Moving from intense character drama in the Arctic to disco among the stars, I wrote the notes for Intrada's 3-CD set of music from the first season of Buck Rogers in the 25th Century, featuring scores by Johnny Harris, Stu Phillips, Les Baxter and Richard La Salle. Next came a double-feature from Craig Safan: his Korean-inspired score for the TV pilot Remo Williams and his noble Americana score for the TV movie Mission of the Shark, based on the true story of the U.S.S. Indianapolis. After that came two explosive scores: Alan Silvestri's engaging thriller Blown Away and Laurence Rosenthal's potent disaster-epic score for Meteor. This was followed by Bruce Broughton's superlative Young Sherlock Holmes—of one of the composer's most popular and in-demand works, in its very first commercial CD release. My essay covers the project's history and its place in the legacy of Sherlock Holmes, and is followed by Douglass Fake's terrific in-depth interview with Maestro Broughton. Finally, I wrote for two more double-features. The first was from Michael Small: his chilling, religious-themed horror score for Child's Play (not the "Chucky" movie) and his synth-laced drama Firstborn. The other pairing was a real surprise: a duo of obscure scores from the great Alex North. The shorter is a jazzy industrial score for the fifties documentary Decision for Chemistry. This is joined by the debut release of his unused score for 1972's Sounder. If you know Alex North, you know his affinity for the American South, and you will hear it here in spades. It's a wonderful treasure, unheard for far too long.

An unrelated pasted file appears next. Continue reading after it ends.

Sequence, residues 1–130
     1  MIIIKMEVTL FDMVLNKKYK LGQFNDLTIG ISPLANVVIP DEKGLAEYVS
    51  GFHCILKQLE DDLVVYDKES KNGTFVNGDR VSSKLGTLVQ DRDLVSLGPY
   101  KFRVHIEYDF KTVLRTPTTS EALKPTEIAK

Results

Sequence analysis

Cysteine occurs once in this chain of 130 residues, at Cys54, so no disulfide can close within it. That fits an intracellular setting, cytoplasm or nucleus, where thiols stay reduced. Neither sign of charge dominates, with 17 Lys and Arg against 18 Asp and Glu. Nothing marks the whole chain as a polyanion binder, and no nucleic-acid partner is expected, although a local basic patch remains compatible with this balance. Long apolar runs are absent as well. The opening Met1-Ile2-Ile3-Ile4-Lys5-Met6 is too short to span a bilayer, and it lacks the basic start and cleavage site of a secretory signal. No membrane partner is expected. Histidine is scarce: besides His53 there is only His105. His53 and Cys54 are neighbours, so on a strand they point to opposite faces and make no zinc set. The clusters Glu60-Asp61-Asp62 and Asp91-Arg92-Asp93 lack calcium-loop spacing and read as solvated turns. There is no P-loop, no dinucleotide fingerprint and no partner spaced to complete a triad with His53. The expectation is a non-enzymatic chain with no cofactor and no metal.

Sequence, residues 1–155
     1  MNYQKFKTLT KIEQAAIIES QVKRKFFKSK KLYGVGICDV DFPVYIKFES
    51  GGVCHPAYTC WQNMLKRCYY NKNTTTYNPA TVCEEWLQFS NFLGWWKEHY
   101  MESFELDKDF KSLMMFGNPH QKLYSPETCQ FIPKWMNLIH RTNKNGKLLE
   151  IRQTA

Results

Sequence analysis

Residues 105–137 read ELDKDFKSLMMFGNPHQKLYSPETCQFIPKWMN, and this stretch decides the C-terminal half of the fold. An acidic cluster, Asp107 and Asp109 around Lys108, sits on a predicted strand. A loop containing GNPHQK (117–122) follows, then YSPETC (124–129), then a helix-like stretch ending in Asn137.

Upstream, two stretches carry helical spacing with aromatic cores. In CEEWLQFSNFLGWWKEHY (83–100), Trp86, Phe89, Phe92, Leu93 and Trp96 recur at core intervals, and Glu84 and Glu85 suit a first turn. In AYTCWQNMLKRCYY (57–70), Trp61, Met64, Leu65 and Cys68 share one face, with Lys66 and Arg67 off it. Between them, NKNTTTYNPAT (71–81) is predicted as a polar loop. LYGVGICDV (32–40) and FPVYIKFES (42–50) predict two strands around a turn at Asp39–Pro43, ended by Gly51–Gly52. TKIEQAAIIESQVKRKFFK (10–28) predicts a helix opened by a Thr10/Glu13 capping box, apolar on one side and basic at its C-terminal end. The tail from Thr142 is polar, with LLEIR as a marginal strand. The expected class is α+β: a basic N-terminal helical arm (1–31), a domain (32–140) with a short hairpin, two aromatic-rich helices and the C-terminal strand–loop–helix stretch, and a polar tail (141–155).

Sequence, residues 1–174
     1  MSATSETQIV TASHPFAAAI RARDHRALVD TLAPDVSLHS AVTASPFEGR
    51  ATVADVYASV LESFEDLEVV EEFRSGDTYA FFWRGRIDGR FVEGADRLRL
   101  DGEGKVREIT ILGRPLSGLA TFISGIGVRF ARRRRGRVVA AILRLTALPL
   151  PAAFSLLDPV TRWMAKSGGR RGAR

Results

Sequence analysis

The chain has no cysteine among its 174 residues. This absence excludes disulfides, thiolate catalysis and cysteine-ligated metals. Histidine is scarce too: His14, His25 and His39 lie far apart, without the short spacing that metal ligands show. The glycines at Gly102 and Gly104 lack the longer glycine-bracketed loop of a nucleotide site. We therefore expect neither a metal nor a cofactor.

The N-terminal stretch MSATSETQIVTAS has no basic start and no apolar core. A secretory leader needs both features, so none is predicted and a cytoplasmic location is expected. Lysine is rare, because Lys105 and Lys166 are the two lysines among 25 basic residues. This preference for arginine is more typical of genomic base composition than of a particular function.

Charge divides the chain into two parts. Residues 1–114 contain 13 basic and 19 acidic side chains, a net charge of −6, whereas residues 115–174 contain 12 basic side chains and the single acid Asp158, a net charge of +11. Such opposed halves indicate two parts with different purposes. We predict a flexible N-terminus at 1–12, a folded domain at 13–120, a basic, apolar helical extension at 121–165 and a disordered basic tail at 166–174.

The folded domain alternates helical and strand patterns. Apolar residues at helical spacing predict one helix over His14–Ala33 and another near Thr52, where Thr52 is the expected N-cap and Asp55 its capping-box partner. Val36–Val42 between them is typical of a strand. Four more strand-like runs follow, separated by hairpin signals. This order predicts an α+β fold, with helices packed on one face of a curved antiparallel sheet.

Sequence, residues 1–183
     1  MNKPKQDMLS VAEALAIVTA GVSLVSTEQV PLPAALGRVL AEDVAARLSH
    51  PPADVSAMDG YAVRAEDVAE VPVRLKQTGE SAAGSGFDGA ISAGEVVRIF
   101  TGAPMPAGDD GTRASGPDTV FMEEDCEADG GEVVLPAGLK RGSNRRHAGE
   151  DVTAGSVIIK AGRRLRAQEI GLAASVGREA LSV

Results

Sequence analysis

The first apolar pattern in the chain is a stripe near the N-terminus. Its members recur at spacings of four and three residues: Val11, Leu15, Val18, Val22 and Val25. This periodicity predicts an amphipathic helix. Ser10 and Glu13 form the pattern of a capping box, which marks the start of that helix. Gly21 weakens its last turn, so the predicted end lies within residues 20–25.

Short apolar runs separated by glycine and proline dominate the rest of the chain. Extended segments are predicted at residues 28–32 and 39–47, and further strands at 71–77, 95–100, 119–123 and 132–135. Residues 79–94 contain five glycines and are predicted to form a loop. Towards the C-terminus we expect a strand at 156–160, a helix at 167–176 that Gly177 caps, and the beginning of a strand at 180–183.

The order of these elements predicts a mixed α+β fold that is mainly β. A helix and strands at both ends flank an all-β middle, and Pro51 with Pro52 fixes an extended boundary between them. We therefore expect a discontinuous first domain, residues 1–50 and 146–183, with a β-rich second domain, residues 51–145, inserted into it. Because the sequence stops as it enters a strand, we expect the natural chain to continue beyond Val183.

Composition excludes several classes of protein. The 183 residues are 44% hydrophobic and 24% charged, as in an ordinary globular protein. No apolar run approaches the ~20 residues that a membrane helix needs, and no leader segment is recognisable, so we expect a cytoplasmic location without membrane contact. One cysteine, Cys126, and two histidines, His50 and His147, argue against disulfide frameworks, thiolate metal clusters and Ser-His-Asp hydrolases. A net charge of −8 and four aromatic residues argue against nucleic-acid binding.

The last few years have allowed me to branch out to a few other labels. For GNP Crescendo, I co-wrote the notes (with Lukas Kendall) for the remastered edition of Star Trek: The Next Generation, Vol. 2The Best of Both Worlds, featuring the music of Ron Jones. I'm a huge Star Trek fan and a big admirer of Jones, so this was a real pleasure. I also continued to write for Quartet Records, currently celebrating their 5th Anniversary. First up for the label was Jerry Fielding's The Gambler (not the Kenny Rogers film), a fascinating score, almost wholly based on Mahler's Symphony No. 1. Not your run-of-the-mill assignment! Next up was another very special release: the debut licensed CD of John Williams' 1968 Heidi, for which I was generously granted a co-producer credit after helping parse the surviving score tracks. (They arrived jumbled, having been originally prepared for the narrated LP program.) This was an important release and a great privilege for me, as Heidi was among Williams' first opportunities to show what he could do with a large-scale dramatic feature. It is perhaps the most characteristic work of his pre-Jaws period. Rounding out the slate for Quartet were Lee Holdridge's epic fantasy The Beastmaster, significantly expanded, and Cliff Eidelman's vivacious and lovely action-comedy-romance score for Delirious.